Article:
The Feathery Tribe (Hardcover)
Robert Ridgway and the Modern Study of Birds
Yale University Press, 9780300175523, 368pp.
Publication Date: April 24, 2012
Other Editions of This Title:
MP3 CD (7/5/2016)
Amateurs and professionals studying birds at the end of the nineteenth century were a contentious, passionate group with goals that intersected, collided and occasionally merged in their writings and organizations. Driven by a desire to advance science, as well as by ego, pride, honor, insecurity, religion and other clashing sensibilities, they struggled to absorb the implications of evolution after Darwin. In the process, they dramatically reshaped the study of birds.
Daniel Lewis here explores the professionalization of ornithology through one of its key figures: Robert Ridgway, the Smithsonian Institution’s first curator of birds and one of North America’s most important natural scientists. Exploring a world in which the uses of language, classification and accountability between amateurs and professionals played essential roles, Lewis offers a vivid introduction to Ridgway and shows how his work fundamentally influenced the direction of American and international ornithology. He explores the inner workings of the Smithsonian and the role of collectors working in the field and reveals previously unknown details of the ornithological journal The Auk and the untold story of the color dictionaries for which Ridgway is known.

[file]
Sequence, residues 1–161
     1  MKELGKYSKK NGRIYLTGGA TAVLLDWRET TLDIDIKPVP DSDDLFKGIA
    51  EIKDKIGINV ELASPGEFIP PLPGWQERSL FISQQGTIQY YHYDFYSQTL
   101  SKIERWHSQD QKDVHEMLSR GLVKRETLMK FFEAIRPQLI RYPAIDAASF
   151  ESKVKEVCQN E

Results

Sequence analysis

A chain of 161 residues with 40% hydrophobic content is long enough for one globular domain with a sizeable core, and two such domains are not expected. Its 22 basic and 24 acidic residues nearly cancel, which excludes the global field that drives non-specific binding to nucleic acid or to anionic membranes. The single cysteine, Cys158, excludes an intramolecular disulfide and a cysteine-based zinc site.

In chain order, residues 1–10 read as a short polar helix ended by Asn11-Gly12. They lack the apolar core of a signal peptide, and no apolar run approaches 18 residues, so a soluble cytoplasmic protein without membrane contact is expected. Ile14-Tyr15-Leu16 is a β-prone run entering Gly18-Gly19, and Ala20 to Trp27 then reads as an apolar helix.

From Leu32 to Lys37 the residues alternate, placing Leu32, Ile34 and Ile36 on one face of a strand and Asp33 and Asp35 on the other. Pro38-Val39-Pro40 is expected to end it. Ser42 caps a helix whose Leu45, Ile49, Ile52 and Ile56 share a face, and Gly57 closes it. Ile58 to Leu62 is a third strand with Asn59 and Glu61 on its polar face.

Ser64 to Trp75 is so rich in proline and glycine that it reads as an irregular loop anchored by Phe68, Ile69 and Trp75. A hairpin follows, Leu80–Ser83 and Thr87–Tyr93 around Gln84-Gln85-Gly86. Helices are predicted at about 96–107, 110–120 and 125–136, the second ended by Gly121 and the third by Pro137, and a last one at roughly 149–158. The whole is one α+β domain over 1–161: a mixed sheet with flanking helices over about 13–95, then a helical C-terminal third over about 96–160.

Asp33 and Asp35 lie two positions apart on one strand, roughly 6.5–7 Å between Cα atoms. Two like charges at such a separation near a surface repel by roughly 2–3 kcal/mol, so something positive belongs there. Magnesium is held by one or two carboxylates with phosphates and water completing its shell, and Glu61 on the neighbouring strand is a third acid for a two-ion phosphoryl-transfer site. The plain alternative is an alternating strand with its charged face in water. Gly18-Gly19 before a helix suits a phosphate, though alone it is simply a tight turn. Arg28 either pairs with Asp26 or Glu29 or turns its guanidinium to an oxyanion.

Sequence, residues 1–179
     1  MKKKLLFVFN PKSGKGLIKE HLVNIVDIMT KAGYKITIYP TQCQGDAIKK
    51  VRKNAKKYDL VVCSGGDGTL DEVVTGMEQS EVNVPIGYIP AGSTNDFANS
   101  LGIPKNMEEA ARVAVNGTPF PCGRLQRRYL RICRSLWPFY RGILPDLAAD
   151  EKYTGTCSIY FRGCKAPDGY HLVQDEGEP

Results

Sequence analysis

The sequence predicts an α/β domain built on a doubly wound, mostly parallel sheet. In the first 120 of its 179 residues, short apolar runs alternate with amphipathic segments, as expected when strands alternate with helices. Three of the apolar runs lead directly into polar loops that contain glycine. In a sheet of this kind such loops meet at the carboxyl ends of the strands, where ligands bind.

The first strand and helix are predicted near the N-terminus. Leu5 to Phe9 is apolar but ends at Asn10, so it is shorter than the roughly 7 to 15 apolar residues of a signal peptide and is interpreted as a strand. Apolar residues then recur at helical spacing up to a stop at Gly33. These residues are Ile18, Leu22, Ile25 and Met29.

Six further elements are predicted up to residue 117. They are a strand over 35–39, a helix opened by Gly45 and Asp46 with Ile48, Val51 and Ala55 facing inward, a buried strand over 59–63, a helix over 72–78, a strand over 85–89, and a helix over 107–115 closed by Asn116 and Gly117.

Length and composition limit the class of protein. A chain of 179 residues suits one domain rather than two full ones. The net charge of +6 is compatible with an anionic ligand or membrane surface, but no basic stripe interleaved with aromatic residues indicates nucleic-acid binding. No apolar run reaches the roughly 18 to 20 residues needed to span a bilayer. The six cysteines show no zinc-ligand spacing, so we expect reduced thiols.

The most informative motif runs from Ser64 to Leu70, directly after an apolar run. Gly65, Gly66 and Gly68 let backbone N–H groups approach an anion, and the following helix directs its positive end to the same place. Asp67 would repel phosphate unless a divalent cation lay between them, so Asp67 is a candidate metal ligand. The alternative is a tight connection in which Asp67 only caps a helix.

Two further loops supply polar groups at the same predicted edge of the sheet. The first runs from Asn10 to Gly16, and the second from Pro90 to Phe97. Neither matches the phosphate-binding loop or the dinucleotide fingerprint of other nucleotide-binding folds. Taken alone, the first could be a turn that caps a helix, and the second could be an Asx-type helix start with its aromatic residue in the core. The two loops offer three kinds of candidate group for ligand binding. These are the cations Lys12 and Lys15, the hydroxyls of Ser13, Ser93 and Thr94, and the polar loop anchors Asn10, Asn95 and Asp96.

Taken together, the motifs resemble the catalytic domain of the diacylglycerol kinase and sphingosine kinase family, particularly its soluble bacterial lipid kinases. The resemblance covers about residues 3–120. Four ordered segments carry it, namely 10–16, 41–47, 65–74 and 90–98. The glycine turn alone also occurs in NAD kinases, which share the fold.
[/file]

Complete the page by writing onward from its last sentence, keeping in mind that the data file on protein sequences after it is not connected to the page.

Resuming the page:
About the Author
Daniel Lewis is the Dibner Senior Curator of the History of Science and Technology and the Chief Curator of Manuscripts at The Huntington Library in San Marino, CA. He lives in Pasadena.
Praise For The Feathery Tribe: Robert Ridgway and the Modern Study of Birds…
— Martin Collinson
— William E. Davis
"This is a welcome and thoroughly researched contribution to the history of ornithology in North America." —Richard Mearns, British Ornithologist's Union
— Richard Mearns
— Julianne Lutz Warren
“The Feathery Tribe introduces an important scientist along with his professional coterie and their struggles to establish ornithology in America . . . Lewis demonstrates the considerable value of scientific biography as historians continue to explore the significance of the field sciences to the history of science.”—Frederick R. Davis, Isis
— Frederick R. Davis